The split roll property tax measures appear dead this election cycle.

Since the economic recession and the collapse of tax revenue in California government treasuries, commentators and activists pointed to a split roll property tax as a likely device to raise revenue. Under a split roll, Proposition 13 would be altered to tax business property under a different formula than residential property.

Two split roll initiatives were filed aimed at the November 2010 ballot. One would require reassessment of commercial property to full market value on a regular basis; the second raised the property tax rate on business property.

The chief backer of these initiatives was the California Teachers Association. CTA has floated a number of split roll proposals in recent years. Despite gathering signatures for a split roll tax in 2004 and 2006 the petitions were never filed and the measures never appeared on the ballot.

Business and taxpayer associations had already organized to oppose this year’s proposed initiatives and were preparing for a battle royal.

At the end of last week, CTA issued a release taking positions on proposed ballot initiatives for the November ballot. The split roll was not mentioned. CTA clearly has chosen to concentrate on an initiative proposal that will roll back tax changes for corporations included in last year’s budget. CTA calls the changes “corporate loopholes.” By nullifying the tax benefits, CTA claims California state government will continue to collect $1.7 billion in revenue, about 40-percent of which goes to education.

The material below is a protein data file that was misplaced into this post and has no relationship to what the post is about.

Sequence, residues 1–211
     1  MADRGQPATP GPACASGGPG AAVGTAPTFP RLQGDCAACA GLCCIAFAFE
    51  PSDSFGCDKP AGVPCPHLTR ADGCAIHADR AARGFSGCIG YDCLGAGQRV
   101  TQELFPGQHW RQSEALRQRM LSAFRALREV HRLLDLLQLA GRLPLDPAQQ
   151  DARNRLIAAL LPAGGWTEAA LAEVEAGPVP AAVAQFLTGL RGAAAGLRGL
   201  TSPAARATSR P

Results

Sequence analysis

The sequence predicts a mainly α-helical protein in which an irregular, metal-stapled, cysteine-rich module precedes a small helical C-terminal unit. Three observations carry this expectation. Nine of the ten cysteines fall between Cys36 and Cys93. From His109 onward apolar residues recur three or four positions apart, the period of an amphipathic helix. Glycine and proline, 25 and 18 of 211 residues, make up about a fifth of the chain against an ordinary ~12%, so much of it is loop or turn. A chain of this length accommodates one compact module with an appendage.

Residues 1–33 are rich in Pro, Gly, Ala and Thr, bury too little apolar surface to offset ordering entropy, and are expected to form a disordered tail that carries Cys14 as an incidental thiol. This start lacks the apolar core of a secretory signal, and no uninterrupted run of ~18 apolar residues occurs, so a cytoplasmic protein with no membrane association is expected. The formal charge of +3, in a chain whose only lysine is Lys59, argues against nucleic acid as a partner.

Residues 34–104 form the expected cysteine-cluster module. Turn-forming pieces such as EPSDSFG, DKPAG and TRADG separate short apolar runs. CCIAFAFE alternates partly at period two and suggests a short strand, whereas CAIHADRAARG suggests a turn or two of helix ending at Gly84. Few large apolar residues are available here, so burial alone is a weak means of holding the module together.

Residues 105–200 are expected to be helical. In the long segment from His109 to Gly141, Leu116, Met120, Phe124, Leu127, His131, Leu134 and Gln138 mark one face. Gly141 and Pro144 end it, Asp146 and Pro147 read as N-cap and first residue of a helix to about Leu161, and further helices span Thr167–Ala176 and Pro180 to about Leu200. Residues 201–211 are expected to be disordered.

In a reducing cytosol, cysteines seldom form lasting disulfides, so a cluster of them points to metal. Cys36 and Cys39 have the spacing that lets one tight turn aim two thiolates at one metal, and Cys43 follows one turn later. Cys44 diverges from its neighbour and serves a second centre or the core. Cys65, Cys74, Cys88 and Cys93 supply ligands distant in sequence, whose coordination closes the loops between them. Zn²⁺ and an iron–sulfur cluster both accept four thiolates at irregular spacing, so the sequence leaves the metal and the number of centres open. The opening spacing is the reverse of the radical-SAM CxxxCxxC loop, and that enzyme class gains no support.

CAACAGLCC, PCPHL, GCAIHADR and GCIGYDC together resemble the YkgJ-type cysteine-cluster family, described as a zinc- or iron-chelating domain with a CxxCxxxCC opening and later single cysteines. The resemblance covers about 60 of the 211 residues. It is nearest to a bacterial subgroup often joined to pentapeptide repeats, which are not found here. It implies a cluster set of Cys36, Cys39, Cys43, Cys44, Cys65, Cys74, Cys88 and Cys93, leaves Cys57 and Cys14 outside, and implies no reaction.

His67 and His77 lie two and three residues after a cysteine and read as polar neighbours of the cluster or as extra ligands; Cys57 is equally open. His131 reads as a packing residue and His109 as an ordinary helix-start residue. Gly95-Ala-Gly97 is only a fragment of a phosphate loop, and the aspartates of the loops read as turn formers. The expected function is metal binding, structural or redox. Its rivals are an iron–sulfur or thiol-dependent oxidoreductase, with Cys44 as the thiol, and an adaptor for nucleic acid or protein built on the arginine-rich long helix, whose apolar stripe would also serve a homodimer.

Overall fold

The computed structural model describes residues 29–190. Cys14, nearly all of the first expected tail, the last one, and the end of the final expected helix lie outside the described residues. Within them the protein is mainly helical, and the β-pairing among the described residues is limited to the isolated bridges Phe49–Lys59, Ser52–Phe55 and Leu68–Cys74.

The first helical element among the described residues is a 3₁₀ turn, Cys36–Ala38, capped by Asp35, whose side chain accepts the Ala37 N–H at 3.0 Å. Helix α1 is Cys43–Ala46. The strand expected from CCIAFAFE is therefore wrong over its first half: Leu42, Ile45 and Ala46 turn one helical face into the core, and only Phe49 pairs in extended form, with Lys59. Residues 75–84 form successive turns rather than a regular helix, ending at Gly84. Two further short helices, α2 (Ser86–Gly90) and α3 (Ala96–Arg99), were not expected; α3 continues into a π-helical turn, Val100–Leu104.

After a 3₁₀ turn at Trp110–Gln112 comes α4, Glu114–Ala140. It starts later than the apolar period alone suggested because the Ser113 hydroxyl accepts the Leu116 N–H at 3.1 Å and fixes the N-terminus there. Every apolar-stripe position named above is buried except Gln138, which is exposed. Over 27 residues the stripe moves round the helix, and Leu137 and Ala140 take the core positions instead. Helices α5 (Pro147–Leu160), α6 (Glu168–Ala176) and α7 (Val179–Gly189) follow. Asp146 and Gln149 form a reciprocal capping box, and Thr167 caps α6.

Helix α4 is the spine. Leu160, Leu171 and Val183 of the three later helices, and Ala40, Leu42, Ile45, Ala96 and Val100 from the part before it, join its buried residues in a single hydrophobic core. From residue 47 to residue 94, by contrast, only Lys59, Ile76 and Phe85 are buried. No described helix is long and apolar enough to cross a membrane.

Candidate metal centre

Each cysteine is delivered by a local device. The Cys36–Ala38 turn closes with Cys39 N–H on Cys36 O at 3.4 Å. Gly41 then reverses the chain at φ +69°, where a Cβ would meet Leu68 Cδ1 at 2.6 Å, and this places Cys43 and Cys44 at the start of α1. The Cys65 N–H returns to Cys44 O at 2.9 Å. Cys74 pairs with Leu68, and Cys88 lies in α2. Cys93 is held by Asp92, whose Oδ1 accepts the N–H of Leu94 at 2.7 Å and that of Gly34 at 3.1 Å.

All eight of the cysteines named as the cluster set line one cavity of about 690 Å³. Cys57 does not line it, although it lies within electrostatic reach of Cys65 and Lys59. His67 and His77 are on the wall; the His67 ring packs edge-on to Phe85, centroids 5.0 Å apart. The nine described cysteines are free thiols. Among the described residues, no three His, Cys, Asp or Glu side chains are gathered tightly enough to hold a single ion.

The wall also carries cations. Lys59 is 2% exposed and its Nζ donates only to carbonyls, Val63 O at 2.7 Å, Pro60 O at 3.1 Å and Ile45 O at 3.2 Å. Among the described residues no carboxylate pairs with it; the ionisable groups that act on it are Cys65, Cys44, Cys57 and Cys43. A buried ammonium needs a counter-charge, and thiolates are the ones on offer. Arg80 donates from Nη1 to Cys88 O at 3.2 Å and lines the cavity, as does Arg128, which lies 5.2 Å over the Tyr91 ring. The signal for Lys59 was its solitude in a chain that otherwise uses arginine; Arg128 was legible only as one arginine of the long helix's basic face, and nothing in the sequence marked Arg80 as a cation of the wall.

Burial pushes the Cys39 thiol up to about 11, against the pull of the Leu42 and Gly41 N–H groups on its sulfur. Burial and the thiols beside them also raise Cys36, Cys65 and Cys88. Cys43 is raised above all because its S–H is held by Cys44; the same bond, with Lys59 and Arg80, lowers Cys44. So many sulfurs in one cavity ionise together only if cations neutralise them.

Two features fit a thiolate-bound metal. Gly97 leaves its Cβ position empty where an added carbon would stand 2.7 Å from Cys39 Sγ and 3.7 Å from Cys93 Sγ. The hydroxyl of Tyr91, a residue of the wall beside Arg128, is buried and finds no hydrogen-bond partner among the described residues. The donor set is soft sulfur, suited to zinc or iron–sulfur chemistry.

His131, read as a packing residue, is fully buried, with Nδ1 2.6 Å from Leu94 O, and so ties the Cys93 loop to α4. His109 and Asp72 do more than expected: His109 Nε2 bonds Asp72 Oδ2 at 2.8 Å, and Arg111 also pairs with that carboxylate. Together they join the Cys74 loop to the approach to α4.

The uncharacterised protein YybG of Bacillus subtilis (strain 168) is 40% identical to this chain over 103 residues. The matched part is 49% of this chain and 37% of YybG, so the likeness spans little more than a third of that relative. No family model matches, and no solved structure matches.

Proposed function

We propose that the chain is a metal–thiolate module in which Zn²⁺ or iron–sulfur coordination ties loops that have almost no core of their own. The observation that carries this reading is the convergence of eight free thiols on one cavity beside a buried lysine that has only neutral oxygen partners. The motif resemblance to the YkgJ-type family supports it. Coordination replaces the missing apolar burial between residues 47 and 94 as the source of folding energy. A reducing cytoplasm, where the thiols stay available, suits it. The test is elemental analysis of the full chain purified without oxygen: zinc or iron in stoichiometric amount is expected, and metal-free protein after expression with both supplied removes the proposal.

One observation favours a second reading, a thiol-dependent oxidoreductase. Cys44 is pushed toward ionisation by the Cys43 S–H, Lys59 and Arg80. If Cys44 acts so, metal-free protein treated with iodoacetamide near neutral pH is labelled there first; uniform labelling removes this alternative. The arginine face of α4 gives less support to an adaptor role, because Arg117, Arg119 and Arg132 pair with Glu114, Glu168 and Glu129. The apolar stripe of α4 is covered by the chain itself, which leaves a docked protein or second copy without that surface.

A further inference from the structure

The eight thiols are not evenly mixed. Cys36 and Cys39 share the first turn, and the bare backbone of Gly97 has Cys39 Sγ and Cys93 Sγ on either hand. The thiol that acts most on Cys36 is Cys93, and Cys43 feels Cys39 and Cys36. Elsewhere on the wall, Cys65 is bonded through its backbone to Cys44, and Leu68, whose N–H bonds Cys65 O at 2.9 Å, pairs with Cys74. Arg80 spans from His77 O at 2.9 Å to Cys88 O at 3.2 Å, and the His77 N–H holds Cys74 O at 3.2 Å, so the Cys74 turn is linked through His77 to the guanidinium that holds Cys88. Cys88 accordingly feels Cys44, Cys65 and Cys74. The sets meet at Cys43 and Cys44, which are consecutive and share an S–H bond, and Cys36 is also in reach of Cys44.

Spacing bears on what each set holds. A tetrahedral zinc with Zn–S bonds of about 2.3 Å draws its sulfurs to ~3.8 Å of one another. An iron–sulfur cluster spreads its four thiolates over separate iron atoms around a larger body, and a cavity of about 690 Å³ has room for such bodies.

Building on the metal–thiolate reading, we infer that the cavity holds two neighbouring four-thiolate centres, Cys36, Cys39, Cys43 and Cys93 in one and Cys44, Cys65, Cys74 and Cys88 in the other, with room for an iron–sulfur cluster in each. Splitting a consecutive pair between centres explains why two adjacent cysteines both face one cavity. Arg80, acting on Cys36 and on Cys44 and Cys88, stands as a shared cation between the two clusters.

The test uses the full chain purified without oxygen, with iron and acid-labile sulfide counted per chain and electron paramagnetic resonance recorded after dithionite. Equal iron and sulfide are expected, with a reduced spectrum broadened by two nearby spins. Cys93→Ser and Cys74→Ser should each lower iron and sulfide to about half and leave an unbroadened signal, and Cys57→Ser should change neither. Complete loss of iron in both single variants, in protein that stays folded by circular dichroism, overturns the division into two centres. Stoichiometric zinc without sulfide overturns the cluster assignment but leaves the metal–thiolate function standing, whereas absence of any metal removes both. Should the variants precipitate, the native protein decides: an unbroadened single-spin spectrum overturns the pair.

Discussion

CTA hired Gale Kaufman to manage the campaign and kicked in over half-a-million dollars to get the campaign started. With the focus of the split roll measure’s prime sponsor on the “Repeal Corporate Loopholes Act,” split roll proposals will not move forward.